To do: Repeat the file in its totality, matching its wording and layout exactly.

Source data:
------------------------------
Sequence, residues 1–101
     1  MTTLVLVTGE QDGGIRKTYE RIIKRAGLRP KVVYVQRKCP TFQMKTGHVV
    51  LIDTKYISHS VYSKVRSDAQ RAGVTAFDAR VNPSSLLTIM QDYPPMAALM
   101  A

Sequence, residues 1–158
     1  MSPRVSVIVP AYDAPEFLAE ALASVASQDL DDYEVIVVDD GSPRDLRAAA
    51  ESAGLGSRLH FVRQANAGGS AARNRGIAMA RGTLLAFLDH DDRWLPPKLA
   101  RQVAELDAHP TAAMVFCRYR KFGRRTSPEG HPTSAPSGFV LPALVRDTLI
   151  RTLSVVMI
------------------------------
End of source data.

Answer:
Sequence, residues 1–101
     1  MTTLVLVTGE QDGGIRKTYE RIIKRAGLRP KVVYVQRKCP TFQMKTGHVV
    51  LIDTKYISHS VYSKVRSDAQ RAGVTAFDAR VNPSSLLTIM QDYPPMAALM
   101  A

Sequence, residues 1–158
     1  MSPRVSVIVP AYDAPEFLAE ALASVASQDL DDYEVIVVDD GSPRDLRAAA
    51  ESAGLGSRLH FVRQANAGGS AARNRGIAMA RGTLLAFLDH DDRWLPPKLA
   101  RQVAELDAHP TAAMVFCRYR KFGRRTSPEG HPTSAPSGFV LPALVRDTLI
   151  RTLSVVMI